Adidas Leads The Way On Plastic Recycling

February 4th, 2020 by  

Single-use plastics are the scourge of the Earth. Chug down a Coke or Pepsi, then throw the bottle away. Does that make any sense if the objective is to live in a sustainable society? Of course not. But we know economics rule virtually all business decisions in the weaponized version of capitalism that is the norm today. Discarded plastics have virtually no commercial value, so there is no incentive to collect and recycle them.

Adidas recycled PET initiative

Image credit: Adidas

That may be changing. Adidas is one of the leaders in finding new, commercially viable uses for plastic waste, much of which is PET, short for polyethylene terephthalate. PET is a form of polyester, according to the PET Resin Association. It is extruded or molded into plastic bottles and containers for packaging foods and beverages, personal care products, and many other consumer products, and is frequently used for clothing as well.

Last week, Adidas announced its commitment to increasing the amount of recycled polyester (rPET) in its garments to 50% before the end of this year and to use only recycled polyester across its supply chain by 2024. Other apparel companies such as H&M, Patagonia, and Everlane are also getting into the rPET game, according to GreenBiz.

On its website, the company says it “will produce 15 to 20 million pairs of shoes using recycled plastic waste from beaches and coastal regions. Last year, the figure was more than eleven million pairs, compared to five million in 2018 and one million in 2017. In terms of climate protection, by 2030, Adidas will reduce greenhouse gas emissions from both its own activities and those of its suppliers by 30 percent compared to the year 2017. Climate neutrality is on the agenda for 2050. In Germany, the company already sources almost all its electricity from renewable sources.”

The production of recycled polyester requires 59% less energy than making new polyester while maintaining the same performance, aesthetic, and durability standards, says GreenBiz. That means there is an economic incentive in favor of recycled polyester. And that means at long last there may be enough profit in recycling to make it worthwhile to keep plastics out of landfills and the world’s oceans.

Which raises an interesting point. Soft drink and water companies are also getting into the recycled plastics game (far too late but that’s another story). Bridget Croke, managing director of the circular economy investment firm Closed Loop Partners, tells GreenBiz, “Broadly speaking, textile manufacturers and packaging manufacturers compete over the same materials. However, we have to treat recycled plastics like any other commodity. It’s dictated by supply, demand and geography.”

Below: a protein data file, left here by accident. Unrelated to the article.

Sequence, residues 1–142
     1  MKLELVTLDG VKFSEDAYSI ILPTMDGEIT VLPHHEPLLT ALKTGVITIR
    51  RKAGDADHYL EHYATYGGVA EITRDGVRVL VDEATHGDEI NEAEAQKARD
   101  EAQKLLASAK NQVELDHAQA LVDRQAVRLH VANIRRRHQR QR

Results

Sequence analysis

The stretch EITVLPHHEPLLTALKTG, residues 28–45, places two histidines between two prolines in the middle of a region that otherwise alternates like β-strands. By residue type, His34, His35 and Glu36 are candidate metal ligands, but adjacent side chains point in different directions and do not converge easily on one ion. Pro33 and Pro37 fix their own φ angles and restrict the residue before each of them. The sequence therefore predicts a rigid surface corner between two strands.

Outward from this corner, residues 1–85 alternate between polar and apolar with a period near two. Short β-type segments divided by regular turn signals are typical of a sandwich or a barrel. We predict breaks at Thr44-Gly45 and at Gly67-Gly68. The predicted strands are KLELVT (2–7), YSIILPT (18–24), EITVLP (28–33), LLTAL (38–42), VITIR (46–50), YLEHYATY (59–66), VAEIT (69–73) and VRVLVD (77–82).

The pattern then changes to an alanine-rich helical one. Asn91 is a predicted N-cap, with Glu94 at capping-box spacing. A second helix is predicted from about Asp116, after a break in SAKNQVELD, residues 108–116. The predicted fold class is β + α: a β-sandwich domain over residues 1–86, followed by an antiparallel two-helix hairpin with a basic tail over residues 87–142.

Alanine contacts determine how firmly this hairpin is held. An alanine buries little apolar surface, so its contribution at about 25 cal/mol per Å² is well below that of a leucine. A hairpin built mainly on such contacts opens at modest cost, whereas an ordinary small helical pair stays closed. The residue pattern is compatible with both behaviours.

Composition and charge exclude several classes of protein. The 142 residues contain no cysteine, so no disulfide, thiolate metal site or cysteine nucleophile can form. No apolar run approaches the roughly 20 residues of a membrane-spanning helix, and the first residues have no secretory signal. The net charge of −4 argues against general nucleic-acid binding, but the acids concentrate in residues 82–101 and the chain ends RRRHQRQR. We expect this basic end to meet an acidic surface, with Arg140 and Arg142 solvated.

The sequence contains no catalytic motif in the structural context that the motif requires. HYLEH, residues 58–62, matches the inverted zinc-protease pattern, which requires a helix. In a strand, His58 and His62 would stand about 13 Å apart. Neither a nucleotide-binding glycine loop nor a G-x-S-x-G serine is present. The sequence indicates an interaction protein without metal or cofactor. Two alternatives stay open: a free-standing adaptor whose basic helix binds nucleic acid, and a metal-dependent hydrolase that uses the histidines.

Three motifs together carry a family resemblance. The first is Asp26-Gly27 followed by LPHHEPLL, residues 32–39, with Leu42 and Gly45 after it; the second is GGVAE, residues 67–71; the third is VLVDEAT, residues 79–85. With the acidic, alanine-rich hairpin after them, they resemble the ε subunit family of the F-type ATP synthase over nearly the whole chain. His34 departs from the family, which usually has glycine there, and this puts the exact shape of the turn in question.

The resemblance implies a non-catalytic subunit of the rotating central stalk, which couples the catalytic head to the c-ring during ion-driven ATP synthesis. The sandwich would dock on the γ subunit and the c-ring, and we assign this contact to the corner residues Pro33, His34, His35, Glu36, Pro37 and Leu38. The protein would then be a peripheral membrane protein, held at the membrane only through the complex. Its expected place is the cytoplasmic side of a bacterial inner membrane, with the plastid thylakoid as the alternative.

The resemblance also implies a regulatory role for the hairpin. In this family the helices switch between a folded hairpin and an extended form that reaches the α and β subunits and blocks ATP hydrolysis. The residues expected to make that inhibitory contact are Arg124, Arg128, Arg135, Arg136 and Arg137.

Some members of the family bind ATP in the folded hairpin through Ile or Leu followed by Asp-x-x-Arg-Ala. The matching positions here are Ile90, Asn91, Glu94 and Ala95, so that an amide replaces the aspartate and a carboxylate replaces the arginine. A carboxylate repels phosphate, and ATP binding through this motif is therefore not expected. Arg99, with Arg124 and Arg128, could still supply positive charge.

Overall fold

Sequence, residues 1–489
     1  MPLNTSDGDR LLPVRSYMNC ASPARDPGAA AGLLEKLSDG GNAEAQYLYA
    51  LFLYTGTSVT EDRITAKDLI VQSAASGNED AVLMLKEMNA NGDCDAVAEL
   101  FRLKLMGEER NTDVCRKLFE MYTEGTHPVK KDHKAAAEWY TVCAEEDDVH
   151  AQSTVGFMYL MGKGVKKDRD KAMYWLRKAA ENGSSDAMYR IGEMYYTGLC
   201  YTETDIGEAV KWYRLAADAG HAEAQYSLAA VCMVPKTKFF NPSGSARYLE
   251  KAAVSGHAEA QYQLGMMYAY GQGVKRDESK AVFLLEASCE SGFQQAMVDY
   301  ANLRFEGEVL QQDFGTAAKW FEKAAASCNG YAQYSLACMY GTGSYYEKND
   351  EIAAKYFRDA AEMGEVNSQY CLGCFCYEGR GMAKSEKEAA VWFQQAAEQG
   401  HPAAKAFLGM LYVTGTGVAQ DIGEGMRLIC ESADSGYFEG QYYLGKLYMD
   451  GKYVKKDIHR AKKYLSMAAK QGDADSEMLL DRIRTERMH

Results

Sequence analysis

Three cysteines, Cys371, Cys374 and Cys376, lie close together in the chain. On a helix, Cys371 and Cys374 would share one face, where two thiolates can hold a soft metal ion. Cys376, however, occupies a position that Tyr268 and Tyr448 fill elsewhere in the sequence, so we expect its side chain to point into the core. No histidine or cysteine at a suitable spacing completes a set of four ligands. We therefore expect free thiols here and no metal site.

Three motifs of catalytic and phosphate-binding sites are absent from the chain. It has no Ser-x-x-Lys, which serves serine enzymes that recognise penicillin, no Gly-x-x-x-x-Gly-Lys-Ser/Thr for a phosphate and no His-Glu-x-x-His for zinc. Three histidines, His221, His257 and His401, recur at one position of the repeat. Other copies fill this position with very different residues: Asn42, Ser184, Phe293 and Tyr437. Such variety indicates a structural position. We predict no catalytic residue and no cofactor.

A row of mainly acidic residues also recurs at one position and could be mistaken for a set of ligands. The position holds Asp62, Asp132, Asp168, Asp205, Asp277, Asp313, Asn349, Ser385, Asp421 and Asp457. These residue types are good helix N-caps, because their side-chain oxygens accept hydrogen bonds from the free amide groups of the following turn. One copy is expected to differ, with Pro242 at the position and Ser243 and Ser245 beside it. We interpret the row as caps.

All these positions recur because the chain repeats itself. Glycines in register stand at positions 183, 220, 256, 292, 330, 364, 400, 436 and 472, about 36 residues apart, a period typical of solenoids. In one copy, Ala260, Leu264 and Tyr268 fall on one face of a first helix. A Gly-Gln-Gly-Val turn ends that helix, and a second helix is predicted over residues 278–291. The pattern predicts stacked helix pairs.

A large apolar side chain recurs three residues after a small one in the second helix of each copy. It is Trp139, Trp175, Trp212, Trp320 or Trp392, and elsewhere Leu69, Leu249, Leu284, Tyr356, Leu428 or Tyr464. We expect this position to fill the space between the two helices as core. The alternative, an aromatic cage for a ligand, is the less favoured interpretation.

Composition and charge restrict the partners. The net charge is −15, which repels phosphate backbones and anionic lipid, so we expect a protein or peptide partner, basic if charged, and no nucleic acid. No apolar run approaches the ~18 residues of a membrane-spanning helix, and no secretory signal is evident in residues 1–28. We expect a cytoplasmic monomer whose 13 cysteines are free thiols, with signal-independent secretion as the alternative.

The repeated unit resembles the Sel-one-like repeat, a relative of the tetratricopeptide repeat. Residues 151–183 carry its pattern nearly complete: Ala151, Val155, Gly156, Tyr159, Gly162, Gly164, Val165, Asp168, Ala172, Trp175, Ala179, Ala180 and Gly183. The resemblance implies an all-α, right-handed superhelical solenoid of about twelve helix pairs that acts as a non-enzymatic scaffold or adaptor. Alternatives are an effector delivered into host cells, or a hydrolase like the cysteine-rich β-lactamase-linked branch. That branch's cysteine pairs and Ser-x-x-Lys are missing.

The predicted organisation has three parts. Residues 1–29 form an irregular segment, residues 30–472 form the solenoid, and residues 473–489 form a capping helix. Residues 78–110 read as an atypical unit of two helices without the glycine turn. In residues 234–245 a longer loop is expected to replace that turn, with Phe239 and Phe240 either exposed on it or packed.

Alison Shapiro, executive director of Closed Loop, adds, “To compete, bottlers will need to offer long term purchase orders whose average price per ton exceeds the purchases offered by textile companies. Building concepts like price floors and price collars into contracts can help. These mechanisms have the added benefit of building in a minimum margin that allows [materials recovery facilities] to make capital improvements to improve yield and output, creating a virtuous loop.”

Competition between bottlers and apparel makers is just what is needed to turn plastic waste from a commodity nobody wants to one with real commercial value. That’s when the Earth can heave a sigh of relief as humans stop using it as a garbage dump.

1.8 Million Recycled Bottles Make New Football Field

Adidas is picking up the recycled plastic torch in other ways, too. James Carney, vice president of global brand strategy for Adidas, tells CNN the company has made a sustainable football field using 1.8 million plastic bottles recovered from remote islands, beaches, coastal communities, and shorelines. The plastic was washed and treated before it was transformed into infill, which was used to build an artificial field for Miami Edison High School in Florida.

The bottles are converted into pellets, which are used as the infill for the artificial turf on the field. It promotes excellent traction for the players as well as providing a cushioning surface for them to play on.

“We believe that through sport we have the power to change lives, and this field is a demonstration of our taking action on that belief,” Cameron Collins, the North America director of football at Adidas, said in a statement. “More than a place for these young athletes to play, it’s a reminder of our collective responsibility to end plastic waste.” Kudos to Adidas for putting its money where its mouth is. 

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About the Author

Steve writes about the interface between technology and sustainability from his homes in Florida and Connecticut or anywhere else the Singularity may lead him. You can follow him on Twitter but not on any social media platforms run by evil overlords like Facebook.